I’ve never been particularly fussy about how I’m addressed. I’ll happily answer to ‘Michael,’ ‘Vicar,’ ‘Father Michael’ or ‘Mr. Champneys,’ though I prefer not be called ‘Reverend.’ Crockford’s Clerical Directory rather pompously decrees that ‘Reverend’ should never be used this side of the Atlantic without the definite article and a Christian name or initial! ‘Your Reverence’, which always reminds me of the verger in Dad’s Army, is not given as an alternative – but it can hardly fail to raise a smile.
Such niceties of etiquette have always fascinated the Hyacinth Bouquets of this world, and most people like to get them right if they can. But whereas they’re of no great consequence, reverence itself does matter.
According to the Prayer Book catechism, learnt by heart by many generations of children, part of’ ‘my duty towards my neighbour’ is ‘to order myself lowly and reverently to all my betters.’ The trouble with that is that it reduces reverence to deference. Of course there’s no denying the value of good manners, but to give the impression that reverence is principally due to those who are senior or socially superior to ourselves is misleading to say the least. Reverence, which I take to mean an attitude of deep and attentive respect, is due to all God’s children. It is displayed most convincingly when shown by the old to the young; by the powerful to the weak.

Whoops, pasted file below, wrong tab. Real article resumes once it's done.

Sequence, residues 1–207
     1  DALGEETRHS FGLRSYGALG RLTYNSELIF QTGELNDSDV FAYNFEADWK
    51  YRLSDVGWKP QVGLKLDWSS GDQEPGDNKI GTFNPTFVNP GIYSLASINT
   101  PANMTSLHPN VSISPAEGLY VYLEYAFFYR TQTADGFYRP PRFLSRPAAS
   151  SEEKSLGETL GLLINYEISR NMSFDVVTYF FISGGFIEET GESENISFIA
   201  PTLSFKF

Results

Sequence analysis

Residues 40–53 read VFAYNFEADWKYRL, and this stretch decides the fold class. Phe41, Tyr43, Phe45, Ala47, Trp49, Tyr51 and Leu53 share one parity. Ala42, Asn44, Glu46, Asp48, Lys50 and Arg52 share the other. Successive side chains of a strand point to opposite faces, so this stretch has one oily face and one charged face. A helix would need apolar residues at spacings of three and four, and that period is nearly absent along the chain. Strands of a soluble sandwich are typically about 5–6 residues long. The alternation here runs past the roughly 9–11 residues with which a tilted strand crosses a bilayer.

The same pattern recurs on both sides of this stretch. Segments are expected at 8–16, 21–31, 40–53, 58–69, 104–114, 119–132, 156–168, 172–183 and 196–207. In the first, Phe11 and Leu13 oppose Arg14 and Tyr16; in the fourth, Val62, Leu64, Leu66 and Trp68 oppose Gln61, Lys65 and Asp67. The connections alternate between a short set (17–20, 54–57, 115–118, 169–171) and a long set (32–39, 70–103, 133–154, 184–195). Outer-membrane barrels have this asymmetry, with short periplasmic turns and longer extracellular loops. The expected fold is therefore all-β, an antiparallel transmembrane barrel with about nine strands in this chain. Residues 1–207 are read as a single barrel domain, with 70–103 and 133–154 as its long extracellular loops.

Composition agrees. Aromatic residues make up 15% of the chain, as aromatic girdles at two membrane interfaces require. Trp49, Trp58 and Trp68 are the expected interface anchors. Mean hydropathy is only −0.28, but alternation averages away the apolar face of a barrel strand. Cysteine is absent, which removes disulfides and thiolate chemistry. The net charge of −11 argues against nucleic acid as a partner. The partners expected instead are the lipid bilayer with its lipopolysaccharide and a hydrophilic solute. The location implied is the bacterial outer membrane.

Reverence is due not only to human beings but also to the animal kingdom, our planet and all creation. Over millions of years climate change and the extinction of species take place naturally. But that’s no reason for us to accelerate these processes by ruthlessly and unnecessarily exploiting the world’s resources. To pollute the earth and destroy life that depends on its bounty is to dishonour God, whose handiwork is an expression of his love.
The interval between Candlemas and Ash Wednesday is the first of two periods in the Church’s calendar whose liturgical colour is (appropriately) green. They are both now usually described as being in ‘Ordinary Time’ - periods which encourage us to find God in the everyday. And that is only possible with reverence, something which is constantly undermined in our distracted, throwaway culture, and which we urgently need to recover.
It can be helpful to note the way in which an artist or true craftsman handles his materials, or a good cook her ingredients – never slapdash and with the minimum of waste - and to try and apply it to whatever we turn our hand to .That is how true reverence - which is an inner disposition and not just a matter of form – is nurtured. Used constructively ‘Ordinary Time’ can be extraordinarily fruitful.